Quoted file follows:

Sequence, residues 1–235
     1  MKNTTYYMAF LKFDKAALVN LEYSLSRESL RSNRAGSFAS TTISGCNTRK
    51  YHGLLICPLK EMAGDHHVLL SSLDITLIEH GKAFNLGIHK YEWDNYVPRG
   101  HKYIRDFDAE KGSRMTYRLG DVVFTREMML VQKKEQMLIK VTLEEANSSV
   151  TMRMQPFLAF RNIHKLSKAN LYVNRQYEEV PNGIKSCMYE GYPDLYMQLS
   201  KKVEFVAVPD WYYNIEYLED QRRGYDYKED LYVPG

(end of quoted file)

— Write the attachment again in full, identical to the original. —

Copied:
Sequence, residues 1–235
     1  MKNTTYYMAF LKFDKAALVN LEYSLSRESL RSNRAGSFAS TTISGCNTRK
    51  YHGLLICPLK EMAGDHHVLL SSLDITLIEH GKAFNLGIHK YEWDNYVPRG
   101  HKYIRDFDAE KGSRMTYRLG DVVFTREMML VQKKEQMLIK VTLEEANSSV
   151  TMRMQPFLAF RNIHKLSKAN LYVNRQYEEV PNGIKSCMYE GYPDLYMQLS
   201  KKVEFVAVPD WYYNIEYLED QRRGYDYKED LYVPG